“I don’t have a citizenship certificate. How could I get my daughter’s birth registered?” Arjun Sah, a local of Mahottari district, wrote on his Facebook status a few days ago.
For her enrollment, the school teacher had asked for her birth certificate for the enrollment. But the ward chairperson had responded that her birth certificate cannot be made unless her father has the citizenship, as per his Facebook post.
Stateless for past 26 years, Arjun posted his facebook status in despair, asking for help.
Five years ago, he had filed a writ to the Supreme Court to demand the citizenship certificate. The case was subjudice until he filed the writ petition again to the apex court. Earlier, his writ petition demanded for the citizenship by descent while the latter he demanded for the citizenship by naturalisation with the change in the provisions related to the citizenship in the country’s constitution promulgated in 2015.
Without citizenship, he was neither able to open a bank account and get the driving licence nor do many of those works which required to prove his nationality. Last month, he was fired from the job since he did not possess the citizenship certificate.
Arjun was already exhausted with the long justice process at the Supreme Court. The school denied to enroll his daughter on 8 February 2018, he turned completely helpless and had no other option than turning to social media for help.
The next day, Terai Human Rights Defenders Alliance (THRD Alliance) provided him legal assistance to file a writ petition to the Supreme Court demanding the citizenship certificate. He also urged the court to issue an interim order in his favour until the final hearing of the case. He had also demanded that a writ of mandamus be issued to Parliament telling it to enact new laws and regulation to help people acquire citizenship without any legal hassles. The petitioner had named the Office of the Prime Minister and Council of Minister, Ministry of Home Affairs and District Administration Office, Mahottari the defendants, among others.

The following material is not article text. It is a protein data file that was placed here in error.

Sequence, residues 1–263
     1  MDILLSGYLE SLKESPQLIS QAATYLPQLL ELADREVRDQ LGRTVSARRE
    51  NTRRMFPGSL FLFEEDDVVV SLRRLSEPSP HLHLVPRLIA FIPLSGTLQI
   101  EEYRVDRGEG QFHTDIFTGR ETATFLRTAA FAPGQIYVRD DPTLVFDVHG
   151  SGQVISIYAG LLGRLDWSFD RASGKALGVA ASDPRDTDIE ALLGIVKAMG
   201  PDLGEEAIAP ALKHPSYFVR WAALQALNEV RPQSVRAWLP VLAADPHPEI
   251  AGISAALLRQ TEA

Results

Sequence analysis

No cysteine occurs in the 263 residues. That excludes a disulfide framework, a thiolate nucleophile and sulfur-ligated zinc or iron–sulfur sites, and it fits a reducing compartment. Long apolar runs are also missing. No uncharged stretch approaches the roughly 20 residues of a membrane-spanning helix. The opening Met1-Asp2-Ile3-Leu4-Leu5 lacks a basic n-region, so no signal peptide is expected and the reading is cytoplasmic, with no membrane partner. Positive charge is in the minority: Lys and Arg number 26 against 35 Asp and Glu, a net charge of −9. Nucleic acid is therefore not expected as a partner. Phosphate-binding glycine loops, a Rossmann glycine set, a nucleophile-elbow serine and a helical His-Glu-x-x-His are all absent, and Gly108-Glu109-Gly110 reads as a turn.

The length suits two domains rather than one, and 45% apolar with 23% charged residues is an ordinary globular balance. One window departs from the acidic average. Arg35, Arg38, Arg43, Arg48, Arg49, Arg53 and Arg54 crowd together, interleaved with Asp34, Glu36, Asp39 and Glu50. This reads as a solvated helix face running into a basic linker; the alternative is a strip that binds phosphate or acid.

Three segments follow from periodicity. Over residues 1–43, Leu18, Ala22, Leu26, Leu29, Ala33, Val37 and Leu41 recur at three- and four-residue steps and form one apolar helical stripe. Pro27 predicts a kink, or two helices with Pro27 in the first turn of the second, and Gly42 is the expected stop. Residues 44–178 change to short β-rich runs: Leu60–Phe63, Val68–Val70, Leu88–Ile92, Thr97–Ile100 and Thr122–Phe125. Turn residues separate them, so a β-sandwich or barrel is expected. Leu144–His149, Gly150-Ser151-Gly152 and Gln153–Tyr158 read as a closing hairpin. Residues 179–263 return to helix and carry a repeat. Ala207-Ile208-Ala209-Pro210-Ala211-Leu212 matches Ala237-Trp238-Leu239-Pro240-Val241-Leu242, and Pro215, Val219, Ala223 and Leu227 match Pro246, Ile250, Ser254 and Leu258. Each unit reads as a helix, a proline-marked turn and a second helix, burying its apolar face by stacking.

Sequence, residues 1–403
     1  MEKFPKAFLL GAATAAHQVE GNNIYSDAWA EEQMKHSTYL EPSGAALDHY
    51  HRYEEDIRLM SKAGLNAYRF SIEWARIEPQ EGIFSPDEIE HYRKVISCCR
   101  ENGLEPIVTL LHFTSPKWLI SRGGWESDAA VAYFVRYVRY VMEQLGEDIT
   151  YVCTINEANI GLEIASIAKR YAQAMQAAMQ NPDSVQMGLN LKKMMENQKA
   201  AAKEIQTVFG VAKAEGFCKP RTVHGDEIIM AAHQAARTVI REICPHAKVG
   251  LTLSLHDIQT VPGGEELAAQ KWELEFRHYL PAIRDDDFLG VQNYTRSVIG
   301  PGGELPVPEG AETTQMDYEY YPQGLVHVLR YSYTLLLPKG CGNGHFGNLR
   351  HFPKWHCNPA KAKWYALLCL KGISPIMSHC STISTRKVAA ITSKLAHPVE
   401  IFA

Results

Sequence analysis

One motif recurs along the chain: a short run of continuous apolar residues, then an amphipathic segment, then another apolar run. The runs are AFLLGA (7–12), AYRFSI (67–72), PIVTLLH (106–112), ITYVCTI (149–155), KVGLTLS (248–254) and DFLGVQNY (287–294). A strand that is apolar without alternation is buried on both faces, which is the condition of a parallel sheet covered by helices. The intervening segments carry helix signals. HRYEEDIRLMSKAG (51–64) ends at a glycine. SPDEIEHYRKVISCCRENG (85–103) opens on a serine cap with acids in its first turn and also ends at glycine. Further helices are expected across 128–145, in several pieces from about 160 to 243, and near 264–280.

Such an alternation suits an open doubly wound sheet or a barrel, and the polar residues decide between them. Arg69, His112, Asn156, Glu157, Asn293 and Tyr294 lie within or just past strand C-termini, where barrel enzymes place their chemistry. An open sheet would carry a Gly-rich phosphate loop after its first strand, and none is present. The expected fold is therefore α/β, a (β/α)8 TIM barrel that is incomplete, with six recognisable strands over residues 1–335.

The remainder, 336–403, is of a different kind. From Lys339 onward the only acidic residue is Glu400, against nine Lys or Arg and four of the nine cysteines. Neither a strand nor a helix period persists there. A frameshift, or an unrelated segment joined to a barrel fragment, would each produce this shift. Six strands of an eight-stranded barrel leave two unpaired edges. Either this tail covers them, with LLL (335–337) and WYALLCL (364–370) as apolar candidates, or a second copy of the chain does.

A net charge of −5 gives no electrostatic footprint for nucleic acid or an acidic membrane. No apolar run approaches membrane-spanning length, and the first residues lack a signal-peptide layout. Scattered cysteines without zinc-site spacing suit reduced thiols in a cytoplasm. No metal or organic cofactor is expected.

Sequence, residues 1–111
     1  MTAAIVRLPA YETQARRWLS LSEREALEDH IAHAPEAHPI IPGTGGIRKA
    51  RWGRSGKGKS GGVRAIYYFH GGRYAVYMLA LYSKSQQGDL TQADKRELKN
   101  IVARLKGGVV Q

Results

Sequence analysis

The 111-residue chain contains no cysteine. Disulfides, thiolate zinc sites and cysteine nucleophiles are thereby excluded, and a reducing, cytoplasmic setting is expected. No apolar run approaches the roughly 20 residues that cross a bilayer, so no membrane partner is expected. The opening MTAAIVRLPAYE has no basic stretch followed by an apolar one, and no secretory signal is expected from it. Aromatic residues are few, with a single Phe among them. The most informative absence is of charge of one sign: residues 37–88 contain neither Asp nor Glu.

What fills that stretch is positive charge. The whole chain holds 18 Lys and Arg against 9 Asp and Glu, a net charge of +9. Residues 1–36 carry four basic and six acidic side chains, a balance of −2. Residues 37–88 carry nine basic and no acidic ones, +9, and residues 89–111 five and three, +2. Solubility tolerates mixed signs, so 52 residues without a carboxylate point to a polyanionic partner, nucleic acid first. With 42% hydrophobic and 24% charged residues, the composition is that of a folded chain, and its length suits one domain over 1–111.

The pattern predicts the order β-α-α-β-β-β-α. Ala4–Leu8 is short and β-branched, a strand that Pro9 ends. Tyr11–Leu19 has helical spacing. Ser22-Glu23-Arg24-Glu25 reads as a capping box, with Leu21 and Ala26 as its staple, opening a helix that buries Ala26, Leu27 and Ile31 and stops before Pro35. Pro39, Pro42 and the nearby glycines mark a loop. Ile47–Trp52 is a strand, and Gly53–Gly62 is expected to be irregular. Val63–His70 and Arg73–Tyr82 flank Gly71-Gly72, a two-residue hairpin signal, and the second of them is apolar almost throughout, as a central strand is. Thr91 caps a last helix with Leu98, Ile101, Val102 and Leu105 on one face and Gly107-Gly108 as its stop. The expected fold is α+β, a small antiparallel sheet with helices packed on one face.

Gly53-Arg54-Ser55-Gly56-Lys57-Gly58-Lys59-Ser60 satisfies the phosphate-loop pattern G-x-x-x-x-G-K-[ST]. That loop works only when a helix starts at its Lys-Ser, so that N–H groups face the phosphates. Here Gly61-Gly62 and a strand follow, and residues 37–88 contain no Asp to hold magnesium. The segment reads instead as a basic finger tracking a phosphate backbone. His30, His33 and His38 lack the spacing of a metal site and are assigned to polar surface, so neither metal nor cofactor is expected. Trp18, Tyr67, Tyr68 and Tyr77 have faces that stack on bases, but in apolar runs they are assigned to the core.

In response to the writ petition, the Supreme Court on 9 February 2018 issued an interim order to the government telling it not to deprive Arjun to open bank accounts, enroll in educational institutions and exercise his rights that all other citizens are entitled to.
A single bench of Justice Sarada Prasad Ghimire of the Supreme Court issued an order to the government. The bench said that it was issuing interim order as not doing so would cause an irreparable loss to the petitioner. The apex court also issued a show cause notice to the defendants. The defendants will have to furnish their written replies within 15 days.
As per the writ, the petitioner’s mother was a Nepali national and since he was born in Nepal and went to school in Nepal as a domicile of Nepal, he should acquire naturalised citizenship. His father, who was originally from India, had been living in Nepal for 38 years but did not have citizenship of any country.
The Constitution of Nepal 2015, in Article 11 (6), stipulated that the citizenship of a child born to a Nepali mother will be converted to naturalised citizenship if his/her father is found to be a foreigner.
But when Arjun went to get a recommendation letter from Matihani Ward Office-8, the officers refused to issue him a recommendation letter, saying that a new law had not been enacted to address the problems of people like him.
There are still many people like Arjun in the country, who are eligible for naturalised citizenship but the government authorities designated for issuing the citizenship deny them citing the absence of the new citizenship law.
This means those who are eligible for the naturalised citizenship cannot get the citizenship certificate despite the constitutional provisions. Sub-article 5, 6, and 7 under the Article 11 of Constitution makes the provision of the Federal Law mandatory for acquiring naturalized citizenship of Nepal.
Although the Supreme Court’s final hearing in Arjun’s case has yet to take place, the court’s interim order can be applied for those who are struggling for citizenship and are deprived of their constitutional rights..
Concerned authorities must heed to remove the legal hassles to help people get citizenship and ensure their rights.